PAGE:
You have just arrived in Germany and you are asking yourself: Why am I being asked to make a portfolio for renting an apartment? Am I expected to be interviewed? Am I going to check an apartment with 70 other potential tenants? And why do some people have to brag about getting their Anmeldung done? Well, we have your 5 most asked questions about Anmeldung in Germany answered in this blog post!
„When I moved from Hong Kong to Berlin, a lot of people said to me ‚Congratulations! You have just moved from one place with serious housing problems to another place with serious housing problems.‘ Like, seriously?“ – Mei Chi Lo, CEO & founder of Booka Local.
We all have like thousands of questions in mind when we first landed in Germany. Let’s talk about the most popular questions every new international might have about Anmeldung in Germany!
Question #1: What’s wrong with airbnb?
First, it’s not cheap if you are to stay for a long time. Okay, if you are rich, then it’s probably not a problem for you. But the second thing is, in Germany, there’s a term you need to learn before knowing how to order a beer, that is, Anmeldung.
Anmeldung means registration. Most internationals simply use this word to refer to the process when you register a new address in Germany. This term also means browsing like a 1000 apartments, sending 500 applications, viewing 100 apartments with 80 other people, receiving 50 rejection messages, 30 scam emails and finally finding one apartment that allows you to do Anmeldung.
So, what’s wrong with airbnb? Well, most of the apartments there do not allow you to do Anmeldung.
Question #2: What happens if I don’t register my address?
We are in Germany. No rules are set to be ignored.
Anmeldung is needed for all sorts of important things, like, opening a bank account, getting your tax ID, extending your visa, basically your whole life in Germany depends on it. If you fail to register your address or are late for doing so, you might have to pay heavy fines, so beware!
Are there any exemptions for Anmeldung in Germany? Learn about it here!
Question #3: I need Anmeldung asap! What can I do?
Everyone asks this question. One popular option is short-term service apartments or something similar that allows you to register the address. Simply google something like “short term rental with Anmeldung in berlin”. There are plenty of options there. Although they are more expensive than long-term rental apartments, you can at least cross out “Anmeldung” from your checklist.
Question #4: There’s no available appointment slot???
In order to register an address, you have to make an appointment at Bürgeramt. You do not need to stick to the one in your neighbourhood. You can go to any other ones in the same city. However, unfortunately, it can be very hard to book an appointment online. It can be completely full. „Two years ago, I even called the Bürgeramt near me and told them I needed an appointment but it’s all full on the online system. Surprisingly, they simply asked me to send them an email and then they sent me an appointment slot within a short time. I was lucky. This method is not guaranteed. But you can try“ – Mei Chi Lo. You can also check the Bürgeramt‘s website every morning at 8 am because they normally add new slots.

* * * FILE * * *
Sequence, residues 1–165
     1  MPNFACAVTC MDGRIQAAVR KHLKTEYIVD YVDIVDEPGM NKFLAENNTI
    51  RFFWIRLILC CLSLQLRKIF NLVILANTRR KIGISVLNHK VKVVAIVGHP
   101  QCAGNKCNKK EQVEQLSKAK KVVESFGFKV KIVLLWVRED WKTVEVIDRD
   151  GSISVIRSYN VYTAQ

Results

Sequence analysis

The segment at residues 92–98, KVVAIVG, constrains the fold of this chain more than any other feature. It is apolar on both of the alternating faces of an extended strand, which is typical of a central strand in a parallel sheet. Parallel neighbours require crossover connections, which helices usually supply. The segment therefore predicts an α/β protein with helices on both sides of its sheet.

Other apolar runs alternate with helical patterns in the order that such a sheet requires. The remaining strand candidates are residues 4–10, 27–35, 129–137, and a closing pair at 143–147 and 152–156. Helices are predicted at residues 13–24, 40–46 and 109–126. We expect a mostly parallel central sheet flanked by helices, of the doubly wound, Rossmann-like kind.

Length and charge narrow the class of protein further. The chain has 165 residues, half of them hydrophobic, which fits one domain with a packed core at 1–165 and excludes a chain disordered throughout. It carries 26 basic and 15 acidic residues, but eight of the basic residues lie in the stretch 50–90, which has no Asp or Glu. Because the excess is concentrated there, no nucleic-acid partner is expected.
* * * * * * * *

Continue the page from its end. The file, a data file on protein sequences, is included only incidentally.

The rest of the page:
Alternatively, you can subscribe to Booka Local’s email notification. When the team spots an available spot on Bürgeramt’s website, you will get notified. It may not be as good as refreshing the website every 5 mins like a robot, but at least you can sit back and enjoy your life.
Get notified when there's an appointment spot!
Okay, so imagine you have successfully booked an appointment at Bürgeramt. One last thing is, make sure you prepare all the documents you need. You don’t want to miss any piece of paper and get sent away. You will need to book ANOTHER APPOINTMENT if you fail to give them everything they need. For the complete list of documents you need, you can check our blog post about Anmeldung documents here! Get it done and don’t mess it up!
Question #5: Do I need to speak German at the appointment?
It’s very hard to say, mostly yes. Most people would bring someone with them to translate if they do not speak German, because the officers at Bürgeramt mostly do not speak English. Or yes, if you are lucky. What is good with bringing a German-speaking person with you is that, if there’s something wrong with your documents, at least you know what went wrong. If you do not know anyone who can go there with you, check out this link and you can book a local helper at Booka Local.
Do you have more questions about Anmeldung in Germany or other German bureaucratic topics? Send them to us and along with answering your questions, we‘ll make sure we get them covered in our next blog post to help others!
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